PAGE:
US regulators have hit Facebook (FB) with a record $5 billion fine over privacy violations claims. Even before the dust settles, the social networking giant is staring at yet another bombshell—this time from Apple (AAPL). Apple is undertaking a major iOS update for its iPhone operating system. The changes will enhance iOS user privacy protection, and they could present a difficulty for Facebook and its messaging app WhatsApp.
As part of its commitment to privacy protection, Apple is planning to restrict how apps use its internet voice call feature. Once the update comes into effect, Facebook will no longer be able to run its voice internet protocol in the background. Apple is making these changes because of concerns that developers are using the feature to perform other tasks, such as collecting user data. Facebook has already refuted claims that it uses the calling feature to collect people’s data.
These changes could force Facebook to rewrite its Messenger app as well as WhatsApp. Plus, users will be able to see whenever Facebook or WhatsApp apps are running in the background. This shift will mark a serious privacy improvement. While Apple is moving against apps in the background, Facebook apps rank as the most draining background apps at startup on the Android operating system.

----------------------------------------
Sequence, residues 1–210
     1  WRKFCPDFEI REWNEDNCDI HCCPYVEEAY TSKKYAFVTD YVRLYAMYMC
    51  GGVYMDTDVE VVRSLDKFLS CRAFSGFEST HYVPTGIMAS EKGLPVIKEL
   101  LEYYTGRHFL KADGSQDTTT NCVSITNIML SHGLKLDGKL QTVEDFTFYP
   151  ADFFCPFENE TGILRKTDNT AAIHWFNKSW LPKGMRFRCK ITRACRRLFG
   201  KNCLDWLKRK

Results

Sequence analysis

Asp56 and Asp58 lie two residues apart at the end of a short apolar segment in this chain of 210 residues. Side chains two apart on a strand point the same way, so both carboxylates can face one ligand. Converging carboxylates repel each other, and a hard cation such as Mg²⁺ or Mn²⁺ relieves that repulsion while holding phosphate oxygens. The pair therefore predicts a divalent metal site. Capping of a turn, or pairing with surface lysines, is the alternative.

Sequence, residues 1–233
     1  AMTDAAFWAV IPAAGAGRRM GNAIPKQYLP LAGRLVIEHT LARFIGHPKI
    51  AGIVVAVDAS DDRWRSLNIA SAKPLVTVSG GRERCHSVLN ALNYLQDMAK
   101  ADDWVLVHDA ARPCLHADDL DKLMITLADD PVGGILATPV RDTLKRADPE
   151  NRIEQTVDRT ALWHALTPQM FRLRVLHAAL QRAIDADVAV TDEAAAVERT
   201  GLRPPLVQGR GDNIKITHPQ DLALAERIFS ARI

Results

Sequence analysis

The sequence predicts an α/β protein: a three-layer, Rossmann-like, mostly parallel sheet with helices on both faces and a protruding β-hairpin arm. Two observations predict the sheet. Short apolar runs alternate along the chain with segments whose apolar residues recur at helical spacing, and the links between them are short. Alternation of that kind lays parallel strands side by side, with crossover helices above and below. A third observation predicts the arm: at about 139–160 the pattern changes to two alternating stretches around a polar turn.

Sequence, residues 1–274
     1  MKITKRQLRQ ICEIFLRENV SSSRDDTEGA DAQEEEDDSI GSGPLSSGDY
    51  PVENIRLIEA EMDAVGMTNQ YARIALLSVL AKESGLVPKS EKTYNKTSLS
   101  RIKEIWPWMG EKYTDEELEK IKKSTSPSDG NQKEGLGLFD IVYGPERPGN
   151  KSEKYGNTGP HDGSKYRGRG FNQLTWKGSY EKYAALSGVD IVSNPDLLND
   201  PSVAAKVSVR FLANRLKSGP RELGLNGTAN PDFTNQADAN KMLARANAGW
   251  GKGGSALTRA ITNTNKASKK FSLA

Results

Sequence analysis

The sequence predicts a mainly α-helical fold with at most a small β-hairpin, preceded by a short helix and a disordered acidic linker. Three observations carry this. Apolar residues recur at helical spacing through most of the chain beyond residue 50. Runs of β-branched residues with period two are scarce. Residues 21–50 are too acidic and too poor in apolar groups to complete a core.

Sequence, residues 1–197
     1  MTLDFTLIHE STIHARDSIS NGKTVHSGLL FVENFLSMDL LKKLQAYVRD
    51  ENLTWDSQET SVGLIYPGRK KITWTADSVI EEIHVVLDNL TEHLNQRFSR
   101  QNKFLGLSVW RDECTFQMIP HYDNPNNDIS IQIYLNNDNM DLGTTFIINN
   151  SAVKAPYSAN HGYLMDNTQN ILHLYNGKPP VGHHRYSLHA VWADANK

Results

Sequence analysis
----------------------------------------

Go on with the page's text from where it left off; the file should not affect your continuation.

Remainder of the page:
The impact on Facebook and WhatsApp
Facebook’s messaging app WhatsApp could be the most affected once the new changes come into play. The update could affect the way Facebook carries out end-to-end encryption on WhatsApp. However, Facebook has commented on the potential impact of the changes.
“The changes to the upcoming iOS releases are not insignificant, but we are in conversations with Apple on how best to address. To be clear—we are using the PushKit VoIP API to deliver a world-class, private messaging experience, not to collect data,” a Facebook spokesperson told The Information.
Facebook versus Apple
A crackdown on the VoIP on iOS underscores the ongoing rivalry between Apple and Facebook. Early this year, Apple revoked Facebook’s developer certificate. At the time, Apple alleged the misuse of the certificate in distributing apps that spied on people.
Meanwhile, Apple and Facebook are also fighting each other over messaging. Facebook CEO Mark Zuckerberg has already admitted to the threat from Apple’s iMessage to Facebook Messenger. Consequently, the giant networking firm has resorted to integrating all its messaging services to keep users loyal and engaged.
By keeping users engaged, Facebook also hopes to fend off competition from Twitter (TWTR) and Snap (SNAP). By tightening its grip on messaging, Facebook might hope to uncover new revenue streams through commerce on its app. Apple, for its part, is also exploring more ways to get people using its iMessage app as a way to boost loyalty among iPhone users.
While Apple has succeeded in affirming privacy protection on its devices, the same can’t be said about other tech companies. Google (GOOGL) and Facebook are the subject of increasing regulatory scrutiny for the way they handle people’s data. In 2012, Google incurred a $22.5 million fine for misrepresenting privacy assurances on Apple’s Safari browser.